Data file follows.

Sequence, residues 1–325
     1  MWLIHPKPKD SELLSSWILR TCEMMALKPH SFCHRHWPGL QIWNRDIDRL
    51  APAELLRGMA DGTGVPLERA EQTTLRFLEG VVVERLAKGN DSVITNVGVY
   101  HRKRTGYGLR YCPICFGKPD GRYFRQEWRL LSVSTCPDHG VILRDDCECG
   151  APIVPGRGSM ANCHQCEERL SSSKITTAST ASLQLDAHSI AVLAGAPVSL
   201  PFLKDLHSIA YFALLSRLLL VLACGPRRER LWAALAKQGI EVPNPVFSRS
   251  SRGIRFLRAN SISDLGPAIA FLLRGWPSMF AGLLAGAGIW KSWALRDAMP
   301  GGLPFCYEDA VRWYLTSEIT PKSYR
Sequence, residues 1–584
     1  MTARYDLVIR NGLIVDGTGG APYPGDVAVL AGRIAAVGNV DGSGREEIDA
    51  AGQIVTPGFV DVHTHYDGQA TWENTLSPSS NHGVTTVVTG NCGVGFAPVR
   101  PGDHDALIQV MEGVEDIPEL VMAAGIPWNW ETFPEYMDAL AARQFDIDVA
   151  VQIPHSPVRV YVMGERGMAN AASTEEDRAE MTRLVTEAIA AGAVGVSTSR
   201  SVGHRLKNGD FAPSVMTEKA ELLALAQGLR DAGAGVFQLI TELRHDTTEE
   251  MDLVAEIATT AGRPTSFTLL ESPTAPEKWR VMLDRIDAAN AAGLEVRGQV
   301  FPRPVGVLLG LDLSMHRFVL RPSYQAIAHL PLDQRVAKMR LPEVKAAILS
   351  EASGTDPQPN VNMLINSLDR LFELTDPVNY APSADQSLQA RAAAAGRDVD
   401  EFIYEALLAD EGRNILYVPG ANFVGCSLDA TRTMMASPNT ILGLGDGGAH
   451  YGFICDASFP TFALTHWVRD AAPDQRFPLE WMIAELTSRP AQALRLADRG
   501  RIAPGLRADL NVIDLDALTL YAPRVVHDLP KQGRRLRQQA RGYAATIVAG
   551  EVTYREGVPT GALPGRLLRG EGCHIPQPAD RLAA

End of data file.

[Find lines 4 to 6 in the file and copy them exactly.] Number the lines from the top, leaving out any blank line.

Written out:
   101  HRKRTGYGLR YCPICFGKPD GRYFRQEWRL LSVSTCPDHG VILRDDCECG
   151  APIVPGRGSM ANCHQCEERL SSSKITTAST ASLQLDAHSI AVLAGAPVSL
   201  PFLKDLHSIA YFALLSRLLL VLACGPRRER LWAALAKQGI EVPNPVFSRS